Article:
Lakehouse data management features
Key features of the lakehouse include:
- Simple and flexible data management capable of serving multiple business purposes: basic analytics and reporting as well as more advanced artificial intelligence and machine learning applications.
- Supports data warehouse schema and architectures
- Data governance capabilities, including auditing, retention, lineage
- Eliminates need for two copies of data in data lake and warehouse
- Open and standardized storage formats allow for use of machine learning tools and programming libraries have direct access to data
- Supports multiple data types from unstructured to structured and semi structured data
- Facilitation of real-time data applications, such as reporting
Lakehouse data management benefits
Among the benefits of the lakehouse are:
- Cost effective
- Admistrative burden alleviated with single platform
- Data governance simplified with single point of control
- Schema management simplified
- Data flexibility allows for multiple users and use cases
- Data adapts readily to multiple use cases
- Adaptable to constantly changing technology and data landscape
Why the lakehouse data management?
The lakehouse is a data management architecture that radically improves enterprise data infrastructure and accelerates innovation. It offers the structure needed for any member of the team to easily produce reliable business reports, and allows data scientists to access raw data feeds for use in more advanced analytical applications. It is adaptable to ever-changing data environments and ensures that new data sources can be quickly, easily and cleanly integrated with existing data sources. Because of its adaptability and a simpler implementation framework, costs are typically lower than traditional data management solutions in complex data environments like sports and university fundraising organizations.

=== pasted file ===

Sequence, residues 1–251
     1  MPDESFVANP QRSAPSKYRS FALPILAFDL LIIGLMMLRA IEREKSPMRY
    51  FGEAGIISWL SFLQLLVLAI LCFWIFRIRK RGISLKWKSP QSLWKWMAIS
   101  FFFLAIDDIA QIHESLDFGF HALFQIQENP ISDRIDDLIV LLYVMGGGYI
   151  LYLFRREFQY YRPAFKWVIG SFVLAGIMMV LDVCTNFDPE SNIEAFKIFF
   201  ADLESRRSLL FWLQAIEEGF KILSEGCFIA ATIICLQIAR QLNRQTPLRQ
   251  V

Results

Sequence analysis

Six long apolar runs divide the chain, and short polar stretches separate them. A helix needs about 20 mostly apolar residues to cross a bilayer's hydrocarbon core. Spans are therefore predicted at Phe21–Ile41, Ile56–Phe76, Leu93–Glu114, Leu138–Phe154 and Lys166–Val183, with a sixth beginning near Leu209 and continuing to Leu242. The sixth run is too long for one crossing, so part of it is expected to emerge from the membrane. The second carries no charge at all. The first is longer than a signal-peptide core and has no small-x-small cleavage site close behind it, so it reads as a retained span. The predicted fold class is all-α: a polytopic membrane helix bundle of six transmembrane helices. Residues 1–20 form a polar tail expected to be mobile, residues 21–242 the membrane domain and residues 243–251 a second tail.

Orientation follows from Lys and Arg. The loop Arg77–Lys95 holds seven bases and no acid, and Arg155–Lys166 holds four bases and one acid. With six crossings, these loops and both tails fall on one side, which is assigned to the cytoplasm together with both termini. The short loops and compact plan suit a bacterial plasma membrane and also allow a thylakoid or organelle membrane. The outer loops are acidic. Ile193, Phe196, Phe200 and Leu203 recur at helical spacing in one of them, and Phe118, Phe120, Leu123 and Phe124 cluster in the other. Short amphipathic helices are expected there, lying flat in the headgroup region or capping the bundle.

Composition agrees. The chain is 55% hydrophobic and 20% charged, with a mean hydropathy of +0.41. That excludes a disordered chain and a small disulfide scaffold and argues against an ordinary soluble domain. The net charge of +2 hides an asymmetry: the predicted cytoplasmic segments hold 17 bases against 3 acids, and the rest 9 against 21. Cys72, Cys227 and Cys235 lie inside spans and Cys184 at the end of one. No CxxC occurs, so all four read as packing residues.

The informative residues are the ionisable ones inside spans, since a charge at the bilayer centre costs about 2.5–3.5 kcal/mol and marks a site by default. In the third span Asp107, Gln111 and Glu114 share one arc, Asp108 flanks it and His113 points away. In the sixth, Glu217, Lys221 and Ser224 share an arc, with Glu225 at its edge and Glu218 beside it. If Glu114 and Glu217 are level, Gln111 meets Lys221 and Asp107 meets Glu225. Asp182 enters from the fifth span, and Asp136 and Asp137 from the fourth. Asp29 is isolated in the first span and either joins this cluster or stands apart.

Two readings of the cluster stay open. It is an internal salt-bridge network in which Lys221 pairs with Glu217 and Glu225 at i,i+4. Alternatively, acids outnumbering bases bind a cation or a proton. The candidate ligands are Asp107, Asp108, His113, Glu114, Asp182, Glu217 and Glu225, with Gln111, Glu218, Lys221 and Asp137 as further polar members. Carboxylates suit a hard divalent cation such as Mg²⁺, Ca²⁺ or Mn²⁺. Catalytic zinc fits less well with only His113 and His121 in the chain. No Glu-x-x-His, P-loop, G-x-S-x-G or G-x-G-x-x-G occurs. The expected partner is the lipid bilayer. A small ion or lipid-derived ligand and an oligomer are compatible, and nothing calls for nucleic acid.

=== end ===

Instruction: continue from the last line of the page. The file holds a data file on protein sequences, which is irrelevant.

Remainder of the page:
So, why use a lakehouse data management instead of a data lake?
A data lake is the ideal solution for inexpensive ingestion and storage of large quantities of raw data, which mirrors the architecture of the lakehouse. In addition, the lakehouse also allows:
- The extraction of data insights from both business intelligence professionals and data scientists
- Easy establishment of data governance
- A frictionless reporting framework which is easily modified as your data changes and new use cases are identified
- Enforcement of data quality
- The ability to link and de-duplicate records relating to data provided by multiple sources
Why use a lakehouse data management instead of a data warehouse?
In organizations whose data structure or business needs rarely change, the warehouse is the ideal structure for generating business reports that combine more than one data source. Cleaning (de-duplicating) the data should be a simple undertaking. When built correctly, it should provide easily accessible reporting to non-technical staffers. In complex data environments, the lakehouse:
- Allows for faster implementation and modification timelines
- Offers greater reporting flexibility
- Is less expensive to maintain, because the highly structured nature of the warehouse requires more staffers to ensure that minor changes don’t have a major impact
- Serves B.I. (reporting) and A.I. (predictive analytics) needs alike
Why use a lakehouse data management instead of simply using both a data warehouse and a data lake?
Sports teams and universities need the positive aspects of both the data lake and data warehouse, but also require a platform capable of handling data with high variety, velocity, and volume. However, most organizations will find it cost prohibitive to ingest and store two identical data sets. Moreover, maintaining consistency between the two systems puts undue burden on the inhouse data team whose efforts must focus on generating value-creating insights for their stakeholders.